We implemented the PPP algorithm with solution separation using an EKF using dual-frequency code and carrier-phase measurements (from GPS and Galileo) with estimated parameters comprising the receiver position and velocity, clock biases for each constellation in use, a residual tropospheric delay, carrier-phase float ambiguities for each tracked carrier, multipath error, receiver differential code bias, and broadcast orbit and clock error. Modeled (not estimated) effects include solid Earth tide modeling, ocean loading, an initial tropospheric delay and relativistic effects. Many of the details of the implementation can be found in our paper “Design and Evaluation of Integrity Algorithms for PPP in Kinematic Applications” (see Further Reading).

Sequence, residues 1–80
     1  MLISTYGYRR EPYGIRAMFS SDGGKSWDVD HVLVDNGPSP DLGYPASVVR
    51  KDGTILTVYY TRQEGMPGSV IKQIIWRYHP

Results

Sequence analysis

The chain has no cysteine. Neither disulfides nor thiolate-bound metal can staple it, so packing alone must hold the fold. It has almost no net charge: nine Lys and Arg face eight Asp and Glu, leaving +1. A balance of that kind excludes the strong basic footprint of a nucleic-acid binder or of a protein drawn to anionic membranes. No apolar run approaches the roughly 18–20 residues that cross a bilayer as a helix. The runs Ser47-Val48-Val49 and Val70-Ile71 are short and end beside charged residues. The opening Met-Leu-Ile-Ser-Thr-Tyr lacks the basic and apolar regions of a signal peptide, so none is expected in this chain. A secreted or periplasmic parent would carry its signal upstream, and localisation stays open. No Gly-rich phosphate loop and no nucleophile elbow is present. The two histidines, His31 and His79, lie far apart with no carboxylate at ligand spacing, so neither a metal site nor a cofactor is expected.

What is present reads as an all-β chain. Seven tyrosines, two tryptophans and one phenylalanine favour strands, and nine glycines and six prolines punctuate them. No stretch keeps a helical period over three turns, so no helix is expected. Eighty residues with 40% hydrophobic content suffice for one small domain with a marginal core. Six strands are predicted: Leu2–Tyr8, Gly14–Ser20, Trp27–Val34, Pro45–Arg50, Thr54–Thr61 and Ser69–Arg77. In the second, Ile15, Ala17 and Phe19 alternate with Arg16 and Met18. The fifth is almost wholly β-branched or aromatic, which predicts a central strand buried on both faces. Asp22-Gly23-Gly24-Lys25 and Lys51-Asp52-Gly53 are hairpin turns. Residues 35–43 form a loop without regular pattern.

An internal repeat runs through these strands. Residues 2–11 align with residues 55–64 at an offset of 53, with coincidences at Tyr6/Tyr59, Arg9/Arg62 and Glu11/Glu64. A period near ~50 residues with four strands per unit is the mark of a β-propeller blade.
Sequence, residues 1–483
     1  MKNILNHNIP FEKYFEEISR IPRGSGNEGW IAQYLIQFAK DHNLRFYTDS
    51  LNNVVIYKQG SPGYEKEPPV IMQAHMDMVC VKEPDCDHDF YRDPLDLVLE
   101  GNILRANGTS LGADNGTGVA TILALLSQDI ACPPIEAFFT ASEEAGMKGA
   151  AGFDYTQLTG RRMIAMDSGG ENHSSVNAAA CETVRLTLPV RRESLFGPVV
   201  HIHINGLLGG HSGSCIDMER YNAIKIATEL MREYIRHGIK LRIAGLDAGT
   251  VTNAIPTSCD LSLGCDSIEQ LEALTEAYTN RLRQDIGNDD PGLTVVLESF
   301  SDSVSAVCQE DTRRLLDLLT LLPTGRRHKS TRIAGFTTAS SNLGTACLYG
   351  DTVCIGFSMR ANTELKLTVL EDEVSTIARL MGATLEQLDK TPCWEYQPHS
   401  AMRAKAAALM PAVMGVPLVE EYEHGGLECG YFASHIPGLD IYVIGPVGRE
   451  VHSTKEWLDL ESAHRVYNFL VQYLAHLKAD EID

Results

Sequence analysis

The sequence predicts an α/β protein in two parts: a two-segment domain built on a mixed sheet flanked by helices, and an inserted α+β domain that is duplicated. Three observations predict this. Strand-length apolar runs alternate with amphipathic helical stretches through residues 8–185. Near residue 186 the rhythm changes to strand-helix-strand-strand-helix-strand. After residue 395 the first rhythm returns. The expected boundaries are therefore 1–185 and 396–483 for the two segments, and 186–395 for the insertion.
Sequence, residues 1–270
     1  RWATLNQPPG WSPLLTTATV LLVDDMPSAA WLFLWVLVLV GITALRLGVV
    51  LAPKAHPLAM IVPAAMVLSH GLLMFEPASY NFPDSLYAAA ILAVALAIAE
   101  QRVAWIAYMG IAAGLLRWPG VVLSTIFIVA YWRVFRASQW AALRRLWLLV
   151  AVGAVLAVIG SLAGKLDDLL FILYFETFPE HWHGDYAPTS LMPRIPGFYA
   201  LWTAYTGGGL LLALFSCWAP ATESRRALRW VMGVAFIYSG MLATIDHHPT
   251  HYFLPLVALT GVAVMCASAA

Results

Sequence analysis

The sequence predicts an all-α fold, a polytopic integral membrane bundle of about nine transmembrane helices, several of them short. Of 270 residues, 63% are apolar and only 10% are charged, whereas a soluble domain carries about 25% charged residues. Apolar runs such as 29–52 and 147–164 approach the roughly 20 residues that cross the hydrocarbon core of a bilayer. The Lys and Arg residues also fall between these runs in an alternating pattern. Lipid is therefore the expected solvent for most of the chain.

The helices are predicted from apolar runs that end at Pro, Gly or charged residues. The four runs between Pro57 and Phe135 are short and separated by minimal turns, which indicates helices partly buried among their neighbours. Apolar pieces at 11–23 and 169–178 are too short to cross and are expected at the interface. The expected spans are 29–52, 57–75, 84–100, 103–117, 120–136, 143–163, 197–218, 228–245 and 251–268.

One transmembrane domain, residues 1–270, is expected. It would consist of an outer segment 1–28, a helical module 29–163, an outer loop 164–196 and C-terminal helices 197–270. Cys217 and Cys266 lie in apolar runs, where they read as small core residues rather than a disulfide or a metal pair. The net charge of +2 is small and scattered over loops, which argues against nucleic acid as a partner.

PPP techniques typically utilize precise ephemeris information obtained from a global network of ground reference stations such as those operating in the network coordinated by the International GNSS Service. Snapshot solution separation techniques, however, use only ephemeris information broadcast from the satellites themselves. For a proper comparison of the protection levels computed by each technique, the PPP filter was constrained to use this broadcast information.

The model we have applied is mostly typical of a traditional PPP implementation with one significant exception — the state tracking the error contribution of the broadcast orbit and clock on each line-of-sight signal. The error contributed by the broadcast orbit and clock is handled by the filter leveraging a characterization of the rate of change of the error, then including it as an estimation state for each line of sight and only adding enough process noise to capture the slowly changing error. We have previously characterized the rate of change of the error in the broadcast orbit and clock and process noise (for GPS). Complete tables of initial state uncertainties and additional settings for process and measurement noise were provided in our earlier work (see Further Reading).